As J.R.R. Tolkien lay in bed, convalescing from trench fever during World War I, he fleshed out much of his conception of Middle Earth, the backbone of his mythos behind The Lord of the Rings, The Hobbit, The Silmarillion, and the languages and stories he invented to go with them. I’m so glad he didn’t have a smartphone.
What if, instead of inventing the Elvish tongue, he had spent his time on Snapchat and Twitter and scrolling through inane stories about pop stars? What if, instead of writing what has been named the greatest literary achievement of the 20th century, he had wiled away the time playing Clash of Clans and Words With Friends and other time killing apps?
I am grateful that J.K. Rowling had the self-discipline to write the Harry Potter cycle even as our modern communication technologies were emerging. But I wonder how many bright minds are being consumed by these technologies, having their imaginations sucked into them instead of freely wandering into the keen observations that come only through unfilled free time and boredom.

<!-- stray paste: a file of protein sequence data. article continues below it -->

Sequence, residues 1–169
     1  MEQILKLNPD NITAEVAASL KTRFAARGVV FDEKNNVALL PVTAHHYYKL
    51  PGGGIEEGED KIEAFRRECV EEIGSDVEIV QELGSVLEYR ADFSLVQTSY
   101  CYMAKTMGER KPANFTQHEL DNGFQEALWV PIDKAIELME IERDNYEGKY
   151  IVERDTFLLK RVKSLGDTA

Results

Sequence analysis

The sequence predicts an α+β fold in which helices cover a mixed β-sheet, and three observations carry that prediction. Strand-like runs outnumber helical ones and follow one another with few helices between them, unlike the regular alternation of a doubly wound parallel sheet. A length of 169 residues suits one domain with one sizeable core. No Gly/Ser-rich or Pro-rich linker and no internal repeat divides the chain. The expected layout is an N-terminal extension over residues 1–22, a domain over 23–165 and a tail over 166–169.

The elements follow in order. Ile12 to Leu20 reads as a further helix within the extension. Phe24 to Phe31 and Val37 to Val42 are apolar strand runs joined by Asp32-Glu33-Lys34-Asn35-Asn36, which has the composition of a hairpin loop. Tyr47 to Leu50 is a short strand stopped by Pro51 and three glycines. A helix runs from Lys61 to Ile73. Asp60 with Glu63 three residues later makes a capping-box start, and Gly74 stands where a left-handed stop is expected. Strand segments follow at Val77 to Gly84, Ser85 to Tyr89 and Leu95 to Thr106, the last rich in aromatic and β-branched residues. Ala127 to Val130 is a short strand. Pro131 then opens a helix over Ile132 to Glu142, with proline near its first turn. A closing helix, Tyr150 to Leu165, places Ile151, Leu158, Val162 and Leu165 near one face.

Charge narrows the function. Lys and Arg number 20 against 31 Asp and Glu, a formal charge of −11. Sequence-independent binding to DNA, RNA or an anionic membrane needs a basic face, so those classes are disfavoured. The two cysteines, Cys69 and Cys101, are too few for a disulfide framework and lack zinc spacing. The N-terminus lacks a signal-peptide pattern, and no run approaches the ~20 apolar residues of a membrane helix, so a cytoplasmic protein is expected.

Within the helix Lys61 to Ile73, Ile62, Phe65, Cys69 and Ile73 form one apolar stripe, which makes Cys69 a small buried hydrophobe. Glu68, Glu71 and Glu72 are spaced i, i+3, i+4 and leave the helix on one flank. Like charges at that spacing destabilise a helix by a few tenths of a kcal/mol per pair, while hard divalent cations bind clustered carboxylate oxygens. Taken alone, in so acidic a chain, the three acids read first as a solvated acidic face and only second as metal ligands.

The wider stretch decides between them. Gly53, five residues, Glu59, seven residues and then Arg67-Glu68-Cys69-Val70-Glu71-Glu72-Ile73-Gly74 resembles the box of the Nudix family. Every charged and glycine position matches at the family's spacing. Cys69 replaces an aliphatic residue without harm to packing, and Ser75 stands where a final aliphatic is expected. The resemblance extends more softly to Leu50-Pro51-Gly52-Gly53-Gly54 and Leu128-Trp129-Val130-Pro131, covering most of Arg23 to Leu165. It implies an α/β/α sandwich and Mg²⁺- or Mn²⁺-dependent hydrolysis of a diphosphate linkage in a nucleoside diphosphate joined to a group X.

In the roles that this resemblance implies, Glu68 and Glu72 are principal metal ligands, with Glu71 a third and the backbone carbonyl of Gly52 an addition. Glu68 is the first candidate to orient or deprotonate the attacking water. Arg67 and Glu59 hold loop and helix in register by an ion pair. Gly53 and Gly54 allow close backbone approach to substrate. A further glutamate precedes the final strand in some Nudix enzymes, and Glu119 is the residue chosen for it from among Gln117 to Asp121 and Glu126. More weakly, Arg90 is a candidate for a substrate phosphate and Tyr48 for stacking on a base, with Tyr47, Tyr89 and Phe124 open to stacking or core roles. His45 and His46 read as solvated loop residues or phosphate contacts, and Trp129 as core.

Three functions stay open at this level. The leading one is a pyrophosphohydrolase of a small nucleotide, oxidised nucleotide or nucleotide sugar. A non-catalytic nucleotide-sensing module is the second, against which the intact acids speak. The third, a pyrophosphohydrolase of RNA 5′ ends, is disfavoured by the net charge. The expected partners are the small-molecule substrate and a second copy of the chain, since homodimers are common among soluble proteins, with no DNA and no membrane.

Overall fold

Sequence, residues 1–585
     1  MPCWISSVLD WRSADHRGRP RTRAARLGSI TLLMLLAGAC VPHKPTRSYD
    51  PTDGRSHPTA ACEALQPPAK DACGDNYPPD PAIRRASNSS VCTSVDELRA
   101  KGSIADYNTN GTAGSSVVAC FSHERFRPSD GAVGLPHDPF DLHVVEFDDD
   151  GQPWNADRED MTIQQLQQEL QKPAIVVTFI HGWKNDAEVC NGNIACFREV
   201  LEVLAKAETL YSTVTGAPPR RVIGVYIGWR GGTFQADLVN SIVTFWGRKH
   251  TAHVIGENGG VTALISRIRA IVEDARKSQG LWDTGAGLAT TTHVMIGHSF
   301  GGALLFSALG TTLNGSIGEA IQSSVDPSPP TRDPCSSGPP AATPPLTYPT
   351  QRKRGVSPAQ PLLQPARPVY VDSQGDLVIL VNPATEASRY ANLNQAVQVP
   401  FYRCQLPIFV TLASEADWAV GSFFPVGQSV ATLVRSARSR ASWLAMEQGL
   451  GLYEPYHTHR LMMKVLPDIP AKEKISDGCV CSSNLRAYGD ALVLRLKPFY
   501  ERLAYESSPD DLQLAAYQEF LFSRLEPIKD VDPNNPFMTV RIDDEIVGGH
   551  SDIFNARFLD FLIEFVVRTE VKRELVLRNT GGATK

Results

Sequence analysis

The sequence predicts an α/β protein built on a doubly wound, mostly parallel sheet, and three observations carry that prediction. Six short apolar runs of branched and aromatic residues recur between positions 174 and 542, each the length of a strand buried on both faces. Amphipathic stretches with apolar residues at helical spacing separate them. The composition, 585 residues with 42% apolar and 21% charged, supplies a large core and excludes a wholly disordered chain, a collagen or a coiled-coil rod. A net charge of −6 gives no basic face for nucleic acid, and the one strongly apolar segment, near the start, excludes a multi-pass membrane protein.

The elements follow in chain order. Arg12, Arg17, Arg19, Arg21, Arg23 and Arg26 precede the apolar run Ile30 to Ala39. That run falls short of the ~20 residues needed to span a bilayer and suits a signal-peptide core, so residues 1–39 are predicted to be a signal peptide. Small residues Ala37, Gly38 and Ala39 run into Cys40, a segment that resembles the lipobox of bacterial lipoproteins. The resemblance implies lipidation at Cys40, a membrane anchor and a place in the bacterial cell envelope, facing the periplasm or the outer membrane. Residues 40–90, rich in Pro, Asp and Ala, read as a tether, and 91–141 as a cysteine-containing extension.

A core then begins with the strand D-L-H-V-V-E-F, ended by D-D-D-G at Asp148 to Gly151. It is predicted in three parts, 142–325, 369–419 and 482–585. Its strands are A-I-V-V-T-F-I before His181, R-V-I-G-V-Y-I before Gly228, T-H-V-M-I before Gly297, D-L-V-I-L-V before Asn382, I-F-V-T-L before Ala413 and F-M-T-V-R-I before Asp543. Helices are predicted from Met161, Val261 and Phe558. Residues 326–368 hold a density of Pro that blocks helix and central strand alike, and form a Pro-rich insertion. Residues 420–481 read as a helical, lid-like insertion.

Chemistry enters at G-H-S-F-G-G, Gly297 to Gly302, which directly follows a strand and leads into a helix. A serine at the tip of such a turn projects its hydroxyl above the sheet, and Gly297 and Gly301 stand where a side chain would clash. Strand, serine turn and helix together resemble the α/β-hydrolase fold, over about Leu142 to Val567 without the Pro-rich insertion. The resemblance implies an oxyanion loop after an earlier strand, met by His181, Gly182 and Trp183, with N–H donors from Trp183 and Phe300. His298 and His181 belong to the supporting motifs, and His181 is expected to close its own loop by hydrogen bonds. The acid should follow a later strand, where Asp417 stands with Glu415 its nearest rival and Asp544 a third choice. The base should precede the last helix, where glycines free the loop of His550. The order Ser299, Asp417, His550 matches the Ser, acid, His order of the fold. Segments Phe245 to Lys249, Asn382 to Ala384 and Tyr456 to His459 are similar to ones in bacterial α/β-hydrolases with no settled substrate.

At the dentist’s office yesterday, I noticed that all of the magazines were a year old. When I asked about it, I was told that they canceled their subscriptions because they weren’t being read anymore. Everyone now fills their waiting room time with their phones.
My youngest son has shown incredible giftedness with the piano, and yet I watch him taper off as he spends time with a screen that would be better spent with a keyboard (and not a computer keyboard).
I know that I have a responsibility here for my household, but I feel a responsibility for my culture as well. We need to unplug for our common good.
In the meantime, I wonder if poverty might be our salvation culturally. With everyone who can afford them (and plenty who can’t) addicted to their screens, it may be those who ditch their screens for financial reasons who regain the time and space necessary to unleash their imaginations.
Oop. There goes my phone, buzzing in my pocket. I’m sure it’s super important. Gotta go.